A SpaceX Falcon 9 Rocket is counting down to an afternoon liftoff from Florida’s Space Coast at 4:43 p.m. on Friday, 20:43 UTC to mark the return of the Dragon Spacecraft to the International Space Station after a stand-down of eight months.
Lifting off from Space Launch Complex 40, Falcon 9 will be tasked with a ten-and-a-half-minute climb to orbit to send Dragon on its way while the first stage booster will be making another attempt to land on SpaceX’s Autonomous Spaceport Drone Ship to finally achieve a successful recovery at sea.
After Tuesday night’s Static Fire Test which was completed late in the window due to minor issues on the ground, SpaceX headed into final reviews of data gathered during the brief ignition of the nine Merlin 1D engines and the complete tanking-de-tanking sequence to confirm Falcon 9 was ready for launch. The Launch Readiness Review completed on Thursday attested Falcon 9, Dragon and all ground support systems a clean bill of health, allowing launch preparations to continue.
Thursday afternoon was a busy period at the Launch Pad: With a mobile white room in place on the horizontal rocket, teams were able to open up Dragon’s side hatch for the late cargo load – a unique capability of the Dragon as items can be loaded as late as around 18 hours to launch, not possible for other ISS cargo vehicles.
Late load items included fresh food for the crew and the Rodent Transporter with 20 mice in a study of a novel drug that may counter bone and muscle loss in spaceflight and muscle-wasting diseases on Earth. Other late load items included different biological studies looking at crystal growth and gene expression in space.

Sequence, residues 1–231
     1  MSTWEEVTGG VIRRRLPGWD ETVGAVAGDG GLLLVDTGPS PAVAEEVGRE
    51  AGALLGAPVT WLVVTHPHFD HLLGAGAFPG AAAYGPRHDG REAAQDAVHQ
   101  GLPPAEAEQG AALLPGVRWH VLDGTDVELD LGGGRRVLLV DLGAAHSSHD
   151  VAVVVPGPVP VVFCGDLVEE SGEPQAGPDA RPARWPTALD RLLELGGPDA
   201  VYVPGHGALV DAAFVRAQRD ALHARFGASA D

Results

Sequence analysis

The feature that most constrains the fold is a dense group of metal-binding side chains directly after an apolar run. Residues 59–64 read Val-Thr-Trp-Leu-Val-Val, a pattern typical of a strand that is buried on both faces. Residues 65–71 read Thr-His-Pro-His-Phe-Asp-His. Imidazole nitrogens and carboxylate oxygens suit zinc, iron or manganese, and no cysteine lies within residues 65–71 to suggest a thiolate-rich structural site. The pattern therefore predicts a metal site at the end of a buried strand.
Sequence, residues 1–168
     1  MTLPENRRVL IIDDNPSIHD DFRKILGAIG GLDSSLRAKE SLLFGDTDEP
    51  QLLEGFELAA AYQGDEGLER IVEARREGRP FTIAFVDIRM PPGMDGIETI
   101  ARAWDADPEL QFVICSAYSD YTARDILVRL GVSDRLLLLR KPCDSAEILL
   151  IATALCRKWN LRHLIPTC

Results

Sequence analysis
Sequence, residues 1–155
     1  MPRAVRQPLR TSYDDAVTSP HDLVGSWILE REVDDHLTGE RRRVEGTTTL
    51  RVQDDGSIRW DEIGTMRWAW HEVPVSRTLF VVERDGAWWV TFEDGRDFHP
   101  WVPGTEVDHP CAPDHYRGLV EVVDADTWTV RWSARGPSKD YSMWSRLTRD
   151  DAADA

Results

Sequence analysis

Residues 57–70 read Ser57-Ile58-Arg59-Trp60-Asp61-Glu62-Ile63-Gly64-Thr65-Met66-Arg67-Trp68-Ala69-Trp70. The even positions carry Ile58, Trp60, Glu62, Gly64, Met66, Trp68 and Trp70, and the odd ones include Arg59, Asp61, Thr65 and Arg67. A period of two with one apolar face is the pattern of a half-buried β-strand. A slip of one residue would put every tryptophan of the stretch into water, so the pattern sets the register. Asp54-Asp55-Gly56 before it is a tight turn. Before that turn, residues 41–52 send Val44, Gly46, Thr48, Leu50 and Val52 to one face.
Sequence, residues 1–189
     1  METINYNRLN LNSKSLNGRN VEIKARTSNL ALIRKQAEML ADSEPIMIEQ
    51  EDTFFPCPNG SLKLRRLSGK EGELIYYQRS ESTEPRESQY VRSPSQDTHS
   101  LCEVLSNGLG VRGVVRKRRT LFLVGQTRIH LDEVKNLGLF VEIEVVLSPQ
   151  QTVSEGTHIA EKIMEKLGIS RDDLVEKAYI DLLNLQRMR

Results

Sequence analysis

Friday’s Dragon mission is the first after the June 2015 Falcon 9 launch failure that claimed the loss of the Dragon SpX-7 spacecraft and all cargo on board, including the first of two planned International Docking Adapters needed to make the station’s docking ports fit for Commercial Crew traffic. After the loss of the mission, caused by a structural failure in the second stage’s Helium pressurization system, it was determined that the Dragon spacecraft had survived the break-up of the Falcon 9 rocket and continued sending telemetry signals until meeting its fate when impacting the Atlantic at terminal velocity.
Because Dragon managed to survive the failure of its carrier rocket, SpaceX implemented a new abort system – purely by using software to give Dragon the ability to sense when something goes wrong on ascent and deploy its parachutes to make a safe splashdown in the Ocean to save the cargo aboard the vehicle in case of another launch failure. The system is in place for most of the ascent into orbit until about 20 seconds from Second Stage Cutoff due to regulatory concerns of the Federal Aviation Administration associated with Dragon splashing down several thousand Kilometers from Cape Canaveral.
In the event of a repeat launch failure, Dragon would be expected to make a safe splashdown in the Ocean and wait for boats to arrive and recover the spacecraft to salvage the expensive cargo it is carrying.